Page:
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Microsoft acquires PlayFab to give Azure a gaming boost

Microsoft has acquired PlayFab (opens in new tab), a company that provides backend services for cloud-connected games across mobile, PC, and console platforms. With the acquisition, Microsoft is hoping to pair PlayFab's experience in providing services for connected games, with Azure's worldwide reach.

From Microsoft:

The PlayFab platform is a natural complement to Azure for gaming (Visit azure.com/gaming for more info). Azure, with locations in 42 regions worldwide, provides world-class server infrastructure, allowing creators to focus on building great games with best-available global reach. For gamers, this leads to a higher, faster degree of innovation and better experiences.

PlayFab helps developers to scale backend services with their games, giving them access to intelligent cloud services used to operate games and analyze data. Today, PlayFab says that it powers more than 1,200 games and processes more than 1.5 billion transactions per day. PlayFab has worked with companies such as Disney, Wizards of the Coast, Bandai Namco, Capcom, and Rovio.

Dan Thorp-Lancaster is the Editor in Chief for Windows Central. He began working with Windows Central as a news writer in 2014 and is obsessed with tech of all sorts. You can follow Dan on Twitter @DthorpL and Instagram @heyitsdtl. Got a hot tip? Send it to daniel.thorp-lancaster@futurenet.com.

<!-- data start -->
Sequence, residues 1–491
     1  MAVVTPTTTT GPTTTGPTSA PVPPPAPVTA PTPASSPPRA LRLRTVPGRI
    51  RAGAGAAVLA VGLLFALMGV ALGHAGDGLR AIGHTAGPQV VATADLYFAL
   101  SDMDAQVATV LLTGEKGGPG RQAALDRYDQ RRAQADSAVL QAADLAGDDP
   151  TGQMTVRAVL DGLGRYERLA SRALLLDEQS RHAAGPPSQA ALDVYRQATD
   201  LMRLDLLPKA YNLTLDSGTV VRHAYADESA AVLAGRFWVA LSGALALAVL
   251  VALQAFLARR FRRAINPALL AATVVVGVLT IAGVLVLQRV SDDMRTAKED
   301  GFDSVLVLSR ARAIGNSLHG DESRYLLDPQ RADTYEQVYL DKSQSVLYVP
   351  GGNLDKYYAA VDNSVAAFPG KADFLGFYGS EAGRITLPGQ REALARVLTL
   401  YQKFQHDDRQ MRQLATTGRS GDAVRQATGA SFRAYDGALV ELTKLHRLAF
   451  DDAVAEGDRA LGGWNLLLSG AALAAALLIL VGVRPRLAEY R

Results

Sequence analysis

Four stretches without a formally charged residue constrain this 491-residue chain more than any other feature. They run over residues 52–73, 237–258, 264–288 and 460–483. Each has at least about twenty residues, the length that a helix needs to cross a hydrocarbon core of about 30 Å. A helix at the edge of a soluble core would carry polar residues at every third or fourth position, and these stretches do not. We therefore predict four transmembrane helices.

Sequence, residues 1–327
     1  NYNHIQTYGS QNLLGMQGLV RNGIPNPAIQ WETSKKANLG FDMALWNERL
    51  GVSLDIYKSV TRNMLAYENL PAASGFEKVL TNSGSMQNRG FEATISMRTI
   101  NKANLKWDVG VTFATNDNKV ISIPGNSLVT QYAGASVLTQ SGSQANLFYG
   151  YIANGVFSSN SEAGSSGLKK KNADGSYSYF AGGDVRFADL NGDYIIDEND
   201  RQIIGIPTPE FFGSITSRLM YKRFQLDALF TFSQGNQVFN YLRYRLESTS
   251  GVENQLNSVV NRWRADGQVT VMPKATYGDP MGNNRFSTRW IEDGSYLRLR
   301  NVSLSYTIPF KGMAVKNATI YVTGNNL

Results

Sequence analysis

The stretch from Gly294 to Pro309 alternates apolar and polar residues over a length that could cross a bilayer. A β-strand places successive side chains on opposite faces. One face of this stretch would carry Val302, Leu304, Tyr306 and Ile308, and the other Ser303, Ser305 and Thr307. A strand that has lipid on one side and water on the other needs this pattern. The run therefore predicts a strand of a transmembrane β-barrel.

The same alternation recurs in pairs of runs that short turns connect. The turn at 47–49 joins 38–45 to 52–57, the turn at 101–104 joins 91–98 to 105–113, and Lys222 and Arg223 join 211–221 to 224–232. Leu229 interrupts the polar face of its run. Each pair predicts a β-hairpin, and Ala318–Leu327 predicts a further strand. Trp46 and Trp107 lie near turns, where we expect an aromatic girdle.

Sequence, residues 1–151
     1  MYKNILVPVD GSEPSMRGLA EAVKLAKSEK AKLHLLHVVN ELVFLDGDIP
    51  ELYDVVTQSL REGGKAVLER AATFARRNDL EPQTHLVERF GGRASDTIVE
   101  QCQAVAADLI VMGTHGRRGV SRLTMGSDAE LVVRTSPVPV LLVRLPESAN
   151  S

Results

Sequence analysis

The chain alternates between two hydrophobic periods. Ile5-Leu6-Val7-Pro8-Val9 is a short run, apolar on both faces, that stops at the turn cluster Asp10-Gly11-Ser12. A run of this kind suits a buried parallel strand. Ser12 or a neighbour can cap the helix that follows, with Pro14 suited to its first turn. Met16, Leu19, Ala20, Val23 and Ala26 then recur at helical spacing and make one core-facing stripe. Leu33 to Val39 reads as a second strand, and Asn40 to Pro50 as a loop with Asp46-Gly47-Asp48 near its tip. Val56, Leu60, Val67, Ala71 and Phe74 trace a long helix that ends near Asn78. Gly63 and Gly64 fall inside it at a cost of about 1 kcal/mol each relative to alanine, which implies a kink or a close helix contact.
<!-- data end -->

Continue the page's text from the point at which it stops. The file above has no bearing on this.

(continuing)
10 Comments
  • Sounds like a pretty solid acquisition.
  • So how does cloud computing work for gaming? Does it mean an internet connection is required for the game to play? If it isn't a requirement, will one's data allotment be blown out of the water when playing a SP only game?
  • Its mostly for the multiplayer infrastructure, leader boards, micro transactions, and all the other stuff of modern gaming.
  • That part makes sense, but I was thinking about the graphics or physics engine processing, like what is supposed to be in Crackdown 3.
  • in BF or COD, how do you sync flying rocks or vehicle scraps? Can 1 console have enough computing power to support 100 people multiplayer like in Fortnite's BR mode?
  • So its only for multiplayer? That makes sense. I was under the impression that it was also for single player portions too.
  • No one defines how people should code, you can certainly implement net programming in single player.
  • vehicle scraps, I mean the larger parts with collider attached. Not those visual scraps.
  • As far as I can remembered, PUBG is using Azure. This kind of games, where 100 ppl face off each match, and more than 1M players at the same time, needs best possible internet connection from players.
    Will this improve PUBG performance?
  • Not just the internet tho. Performance of the server is the key too. AWS has weak CPU